Every cook learns this tried and true lesson many times during their kitchen stints. Seems as if I have to be reminded a couple of times a year. There are rules about cooking. The most important is Safety First: watch your fingers, watch your head, close cabinet doors and drawers, don't walk around waving any sharp object ... hold it firmly, pointing toward the floor and away from your legs, lest you accidentally trip. Never leave something cooking on the stove unattended. Remember to use pot holders and wait until a container has cooled down before rinsing it with cool water. If you have furry family members remember to never, ever shut your pets in the refrigerator or freezer, or for that matter anywhere they shouldn't be. This goes for any closets as well as empty or just-packed suitcases. Double-check for those sneaky little critters. Always take a head count. Now, back to the kitchen.
Listen up: boiling water in a microwave is tricky as well as potentially dangerous. If it actually reaches that boiling point, it has the ability to leap and suddenly bloom upward and over, spilling out onto your skin and might send you to the hospital. This is serious stuff here! Now on to cleanliness ... keep your hands and work utensils and surfaces really clean. And even when you are multi-tasking and in a work-flurry of chefdom ... "Don't turn your back on the butter. I know ... it sounds like another corny Country-Western song", just take it from me. Every now and again, in fact a few times a year, I do it. I burn the butter!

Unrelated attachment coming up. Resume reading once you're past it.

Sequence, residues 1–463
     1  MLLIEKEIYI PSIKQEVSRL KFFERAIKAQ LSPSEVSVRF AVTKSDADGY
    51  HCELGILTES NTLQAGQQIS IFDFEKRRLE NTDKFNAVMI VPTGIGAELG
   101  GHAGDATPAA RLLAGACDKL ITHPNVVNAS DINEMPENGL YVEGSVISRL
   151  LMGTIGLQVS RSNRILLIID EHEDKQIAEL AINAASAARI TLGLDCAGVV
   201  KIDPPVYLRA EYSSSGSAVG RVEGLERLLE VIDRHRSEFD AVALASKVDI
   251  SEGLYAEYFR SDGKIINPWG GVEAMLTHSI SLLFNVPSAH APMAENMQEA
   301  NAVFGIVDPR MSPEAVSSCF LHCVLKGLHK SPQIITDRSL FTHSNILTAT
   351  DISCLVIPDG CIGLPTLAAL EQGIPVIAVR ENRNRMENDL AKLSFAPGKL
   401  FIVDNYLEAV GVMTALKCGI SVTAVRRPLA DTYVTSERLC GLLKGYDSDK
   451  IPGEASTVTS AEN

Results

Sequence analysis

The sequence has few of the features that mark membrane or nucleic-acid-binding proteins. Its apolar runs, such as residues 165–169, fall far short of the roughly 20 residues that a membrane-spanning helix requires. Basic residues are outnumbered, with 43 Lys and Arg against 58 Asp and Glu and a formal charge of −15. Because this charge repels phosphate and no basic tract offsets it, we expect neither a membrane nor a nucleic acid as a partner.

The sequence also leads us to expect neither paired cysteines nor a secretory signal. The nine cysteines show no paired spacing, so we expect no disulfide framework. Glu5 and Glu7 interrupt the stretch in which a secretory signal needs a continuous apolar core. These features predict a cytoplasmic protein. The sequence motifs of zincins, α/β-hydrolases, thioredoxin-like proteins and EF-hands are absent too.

Two days ago, while I was chopping onions and sauteing button mushrooms in rich bubbling butter, in all that golden yellowish-brown goodness, I asked my husband (the non-cook), to turn down the heat and stir the mushrooms. I heard him flip the switch to the off position and at the same time he called my name. I didn't catch it before it had gotten past the point of brownish nutty brown flavor. Oh no, I turned my back on the butter! I whirled around as fast as possible to grab the spoon and take the skillet off the stove. I did manage to save the mushrooms, but as I was removing them from the smoking pan, the butter turned from nutty golden to blackened oil. No longer was it fit to use, or edible. My 3/4 stick of yellow butter was now burnt beyond recognition. I loathe wasting food. It looked as if I had been frying fish for hours. No longer was it the creamy light yellow that held the promise and allure of enhancing my sliced mushrooms and later my onions. I had ruined it and turned it into a distasteful disgrace. I know I didn't mean to ... after all these years in the kitchen I forgot for just a moment, and turned my back on the butter.